However, it’s important to add if you don’t take the time to word things thoughtfully the outcome can be just as unhelpful as it would be if you say nothing at all.
A message I’m always keen to get across is that as much as it’s important to open up, what matters even more is that you do it with the right people.
For some that may be obvious but others might find themselves wondering who qualifies as ‘right’.
It really depends on the individual.
However, there are a few questions you can ask yourself like…
How do I want to feel when I open up?
What do I want from the person I open up to?
Then come up with the answers and think about the people you know that align with this.
For example, if what you want from the person you open up to is emotional support and a listening ear, it’s no use opening up to someone who is just going to tell you what to do. Or if you want to feel calm and supported it’s no use talking to someone that leaves you feeling anxious.
Further to that think about your past experiences. Can you think of a time you opened up to someone and regretted it? Can you think of a time you were glad you opened up to someone?
I’ve found that these types of situations, when you know what you want, you’ll know what you’re willing to accept.
Sometimes that means being a little more picky about who you choose to open to.
One of the easiest things you can do is to be kind.
It can come in many forms but I think it is often the smallest things that have the most impact.
It can be easy to think that you need to go above and beyond and make some kind of grand gesture but that’s not the case.
Kind is described as ‘having or showing a friendly, generous, and considerate nature’.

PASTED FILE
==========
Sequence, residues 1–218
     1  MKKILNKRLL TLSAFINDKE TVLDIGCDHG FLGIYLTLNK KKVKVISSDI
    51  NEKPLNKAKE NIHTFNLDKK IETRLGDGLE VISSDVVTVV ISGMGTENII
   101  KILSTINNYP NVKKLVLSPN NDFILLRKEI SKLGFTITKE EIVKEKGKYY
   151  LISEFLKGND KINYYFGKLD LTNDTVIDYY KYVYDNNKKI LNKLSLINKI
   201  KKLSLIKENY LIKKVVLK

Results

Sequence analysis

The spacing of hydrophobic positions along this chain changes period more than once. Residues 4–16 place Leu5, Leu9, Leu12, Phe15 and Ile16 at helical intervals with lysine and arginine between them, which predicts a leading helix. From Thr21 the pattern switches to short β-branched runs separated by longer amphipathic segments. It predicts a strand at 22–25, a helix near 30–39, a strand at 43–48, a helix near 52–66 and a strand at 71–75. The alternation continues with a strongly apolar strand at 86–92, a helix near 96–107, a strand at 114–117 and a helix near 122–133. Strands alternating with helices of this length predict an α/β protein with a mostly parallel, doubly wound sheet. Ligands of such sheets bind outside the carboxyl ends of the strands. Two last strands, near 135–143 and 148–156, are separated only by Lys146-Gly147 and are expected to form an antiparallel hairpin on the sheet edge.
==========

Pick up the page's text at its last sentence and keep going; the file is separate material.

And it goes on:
It could come in the form of something small like smiling at a stranger, offering to help someone or even just listening.
You don’t need to be kind because you want something in return, do it because you like the type of world that kindness creates, lead by example.
Some people will never truly hear you when you speak no matter how hard you try.
In those circumstances the solution is never to try harder.
You might think that the harder you try they’ll eventually come around and hear you out. But the thing is some people aren’t interested in being wrong.
Some people aren’t interested in hearing a perspective that contradicts their own.
And even if they realise that they were wrong and the information you shared had changed their mind, they’re more likely to dismiss that.
When a person is more interested in being right than being open to new information, it might be a waste of time trying to get them to listen.
You’ve probably had the experience of feeling totally fine but as soon as you see or hear about what other people are doing (or have done) suddenly you feel a sense of lack.
It’s like if you spend your Friday night at home watching a movie and painting your nails but the next week everyone is talking about this amazing party they went to saying things like ‘it was so good’ or ‘you should have been there’ you might end up believing it.
That’s an example of the mind almost playing tricks because at the same time we’ve all been somewhere and known that we’d have been just as content (and in some cases happier) staying at home.
I guess sometimes it feels good to do what everyone else is doing, it brings of sense of belonging and as humans that is something we all seek.
But it’s so important to consider how you enjoy spending your time.
If planting flowers, cooking and writing poetry is time well spent for you, it shouldn’t matter what other people are doing.
The last thing you want is to find yourself belonging in a space where you aren’t even being yourself or doing things enjoy simply to avoid ‘missing out‘.